Refusing the oath subjected one to dismissal and criminal detention.  To some degree, the underlying idea was consistent with the traditional Lutheran doctrine of two kingdoms: Christians must be obedient to the earthly authorities unto God.  But Werner went to an unprecedented extreme, turning a doctrine that had historically yielded a variety of views on church-state matters into an absolutist principle: make a “personal commitment to the Fuhrer under the solemn summons of God,” and forge an “intimate solidarity with the Third Reich” and with the saintly man who both “created that community and embodies it.”  “Submit to Hitler with a joyful heart, in gratitude, as pleasing to the Lord.

In the end, Christians–whether they embrace the Reformed, Catholic, or Lutheran tradition–are called to live out their vocations as citizens.  In this sense, they agree with my good friend Philip Vickers Fithian who believed, with the authors of Cato’s Letters, that “political jealousy” is a “laudable passion.

Court Evangelical Eric Metaxas Says Maria Butina is Probably Innocent

metaxas-at-party

Prominent court evangelical and Trump water-carrier Eric Metaxas believes that Maria Butina, the alleged Russian spy who pleaded guilty to conspiracy as a Russian agent, is innocent.  Warren Throckmorton has it covered.

Here is a taste of his post:

For Metaxas to believe Butina’s agreement was forced, he has to believe the Dept. of Justice is incredibly corrupt. Butina was represented by counsel and agreed that she was an agent of Russia in violation of federal law.  Her plea agreement refers to various documents which they have in their possession. They have text messages and emails with the information described in the plea agreement.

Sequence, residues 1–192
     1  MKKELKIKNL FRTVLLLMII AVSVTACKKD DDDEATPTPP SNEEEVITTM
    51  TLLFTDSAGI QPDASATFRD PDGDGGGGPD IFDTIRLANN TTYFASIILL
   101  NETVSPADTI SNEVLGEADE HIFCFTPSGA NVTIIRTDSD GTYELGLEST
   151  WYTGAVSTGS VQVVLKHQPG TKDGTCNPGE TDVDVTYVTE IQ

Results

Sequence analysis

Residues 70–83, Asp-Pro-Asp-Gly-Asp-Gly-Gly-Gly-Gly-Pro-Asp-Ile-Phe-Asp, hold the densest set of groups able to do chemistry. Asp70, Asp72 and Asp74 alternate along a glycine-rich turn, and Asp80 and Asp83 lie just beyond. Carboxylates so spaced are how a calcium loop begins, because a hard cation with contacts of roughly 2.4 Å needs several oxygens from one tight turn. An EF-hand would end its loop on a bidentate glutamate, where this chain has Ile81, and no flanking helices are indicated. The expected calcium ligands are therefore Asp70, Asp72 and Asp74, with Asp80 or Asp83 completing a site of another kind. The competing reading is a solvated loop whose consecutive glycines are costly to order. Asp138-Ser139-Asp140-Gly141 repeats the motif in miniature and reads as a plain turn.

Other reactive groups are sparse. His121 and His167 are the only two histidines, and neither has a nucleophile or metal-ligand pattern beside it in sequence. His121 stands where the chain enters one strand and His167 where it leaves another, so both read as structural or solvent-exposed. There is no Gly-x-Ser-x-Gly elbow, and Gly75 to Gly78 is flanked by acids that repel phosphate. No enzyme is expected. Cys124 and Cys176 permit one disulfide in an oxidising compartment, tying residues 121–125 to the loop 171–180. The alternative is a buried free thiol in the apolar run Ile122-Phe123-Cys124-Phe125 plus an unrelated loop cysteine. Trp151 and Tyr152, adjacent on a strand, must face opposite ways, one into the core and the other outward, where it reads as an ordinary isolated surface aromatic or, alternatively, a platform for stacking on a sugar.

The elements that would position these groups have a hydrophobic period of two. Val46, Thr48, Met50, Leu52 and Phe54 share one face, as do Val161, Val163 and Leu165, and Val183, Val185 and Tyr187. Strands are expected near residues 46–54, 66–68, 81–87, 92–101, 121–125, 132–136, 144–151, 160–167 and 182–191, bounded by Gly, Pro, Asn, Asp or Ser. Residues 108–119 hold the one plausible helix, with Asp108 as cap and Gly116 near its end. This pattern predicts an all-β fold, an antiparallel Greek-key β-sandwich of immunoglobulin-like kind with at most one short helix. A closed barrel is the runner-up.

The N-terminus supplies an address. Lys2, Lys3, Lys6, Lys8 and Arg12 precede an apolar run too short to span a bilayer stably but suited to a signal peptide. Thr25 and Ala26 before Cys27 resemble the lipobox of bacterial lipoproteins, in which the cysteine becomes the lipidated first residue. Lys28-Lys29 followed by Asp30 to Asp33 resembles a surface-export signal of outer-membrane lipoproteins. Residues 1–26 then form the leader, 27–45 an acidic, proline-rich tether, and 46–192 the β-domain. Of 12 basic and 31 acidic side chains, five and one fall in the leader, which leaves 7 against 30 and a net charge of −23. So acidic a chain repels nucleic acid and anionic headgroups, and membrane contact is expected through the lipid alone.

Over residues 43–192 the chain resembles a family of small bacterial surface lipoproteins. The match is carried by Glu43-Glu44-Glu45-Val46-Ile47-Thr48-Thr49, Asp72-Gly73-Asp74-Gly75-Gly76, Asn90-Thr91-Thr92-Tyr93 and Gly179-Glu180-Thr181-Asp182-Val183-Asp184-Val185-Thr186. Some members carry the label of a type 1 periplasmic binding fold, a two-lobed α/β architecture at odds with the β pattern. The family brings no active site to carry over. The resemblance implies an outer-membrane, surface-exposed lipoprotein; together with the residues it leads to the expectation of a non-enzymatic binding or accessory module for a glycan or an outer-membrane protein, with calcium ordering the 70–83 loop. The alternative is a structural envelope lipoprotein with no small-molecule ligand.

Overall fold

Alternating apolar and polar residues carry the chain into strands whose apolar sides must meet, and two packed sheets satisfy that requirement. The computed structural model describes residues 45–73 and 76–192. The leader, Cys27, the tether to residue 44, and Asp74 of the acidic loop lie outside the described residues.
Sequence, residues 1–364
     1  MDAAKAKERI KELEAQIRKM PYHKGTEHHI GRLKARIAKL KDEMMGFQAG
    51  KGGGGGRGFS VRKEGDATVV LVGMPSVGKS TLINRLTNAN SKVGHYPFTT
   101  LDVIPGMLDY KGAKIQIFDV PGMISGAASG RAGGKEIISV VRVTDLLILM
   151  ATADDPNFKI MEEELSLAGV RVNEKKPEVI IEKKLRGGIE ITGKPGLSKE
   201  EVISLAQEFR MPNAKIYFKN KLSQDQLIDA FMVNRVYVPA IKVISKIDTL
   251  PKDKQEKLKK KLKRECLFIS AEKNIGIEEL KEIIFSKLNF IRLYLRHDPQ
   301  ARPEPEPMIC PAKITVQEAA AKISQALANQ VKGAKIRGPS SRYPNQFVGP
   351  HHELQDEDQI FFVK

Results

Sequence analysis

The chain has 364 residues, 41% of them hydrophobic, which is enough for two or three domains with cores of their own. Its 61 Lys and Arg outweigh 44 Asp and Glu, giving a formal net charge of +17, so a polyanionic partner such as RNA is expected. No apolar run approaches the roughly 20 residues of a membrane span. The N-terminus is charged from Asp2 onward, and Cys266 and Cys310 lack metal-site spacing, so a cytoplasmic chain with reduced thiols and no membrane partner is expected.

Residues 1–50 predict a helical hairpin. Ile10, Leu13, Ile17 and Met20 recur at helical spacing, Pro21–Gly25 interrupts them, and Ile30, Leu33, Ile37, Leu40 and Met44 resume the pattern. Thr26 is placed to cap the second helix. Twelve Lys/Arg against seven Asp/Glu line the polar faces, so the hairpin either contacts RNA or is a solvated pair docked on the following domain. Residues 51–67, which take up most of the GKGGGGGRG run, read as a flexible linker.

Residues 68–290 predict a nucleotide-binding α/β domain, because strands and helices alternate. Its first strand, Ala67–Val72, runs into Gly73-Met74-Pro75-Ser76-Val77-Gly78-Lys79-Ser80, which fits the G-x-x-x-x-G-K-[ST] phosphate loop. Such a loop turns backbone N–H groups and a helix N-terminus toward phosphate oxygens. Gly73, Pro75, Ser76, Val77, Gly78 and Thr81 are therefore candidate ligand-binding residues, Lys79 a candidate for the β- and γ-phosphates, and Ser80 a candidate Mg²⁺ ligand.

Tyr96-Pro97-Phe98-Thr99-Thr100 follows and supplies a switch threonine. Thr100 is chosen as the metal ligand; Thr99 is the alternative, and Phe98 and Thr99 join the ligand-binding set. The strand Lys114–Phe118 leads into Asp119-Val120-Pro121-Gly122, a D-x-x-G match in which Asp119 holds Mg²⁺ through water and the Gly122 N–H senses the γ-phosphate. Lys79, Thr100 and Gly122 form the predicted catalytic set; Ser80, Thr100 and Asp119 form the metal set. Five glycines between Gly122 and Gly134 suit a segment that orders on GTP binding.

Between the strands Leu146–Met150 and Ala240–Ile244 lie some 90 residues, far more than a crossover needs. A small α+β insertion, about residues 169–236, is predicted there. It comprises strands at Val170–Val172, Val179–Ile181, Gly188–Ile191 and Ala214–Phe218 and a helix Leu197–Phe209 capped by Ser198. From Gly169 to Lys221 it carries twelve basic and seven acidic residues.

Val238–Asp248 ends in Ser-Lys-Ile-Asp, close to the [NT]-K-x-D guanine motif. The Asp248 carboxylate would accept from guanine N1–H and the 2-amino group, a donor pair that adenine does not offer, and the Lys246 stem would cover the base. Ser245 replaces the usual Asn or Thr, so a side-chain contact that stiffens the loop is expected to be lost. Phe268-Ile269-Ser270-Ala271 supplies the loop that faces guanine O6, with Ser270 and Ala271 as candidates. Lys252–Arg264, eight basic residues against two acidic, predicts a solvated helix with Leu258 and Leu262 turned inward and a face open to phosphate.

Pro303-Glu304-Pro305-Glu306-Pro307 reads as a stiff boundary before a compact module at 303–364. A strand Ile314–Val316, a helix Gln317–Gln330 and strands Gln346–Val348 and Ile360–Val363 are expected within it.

I don’t know how Metaxas will explain Butina’s agreement. Did the DOJ kidnap this girl and pin an espionage charge on her? Did the DOJ make up all of these events and communications? Did they really threaten to keep her in solitary confinement for a year if she refused to sign a false statement? Is her attorney in on the conspiracy too?

Butina was a guest on Metaxas’s radio program.  You can listen to that conversation here.

David Barton’s New Book

Garlow and BartonBarton has a new book out.  I have not read it yet.  It is co-authored with court evangelical Jim Garlow and is titled This Precarious Moment: Six Urgent Steps that Will Save You, Your Family, and Our Country.  I would be happy to review it here if Salem Press would send me a review copy.

Here is the summary:

America is at a crisis point. We have a limited amount of time to get it right. The nation must get “back on track” or be forever derailed. That is not melodrama. That is fact. Only Biblical truth can save our country. Some don’t seem to care that it is saved. But many of us do care. For our children, grandchildren, and future generations. There are six serious problems – racial strife, a massive immigration disaster, failure to understand Israel’s role in the world, millennial thinking, misunderstanding of the nature of government, and a church that has capitulated to culture – that are screaming for solutions. And the good news is: there are steps we can take. In this book, Pastor James Garlow and evangelical political activist David Barton present fellow Christians with six steps America needs to take to prevent chaos at this precarious moment in history.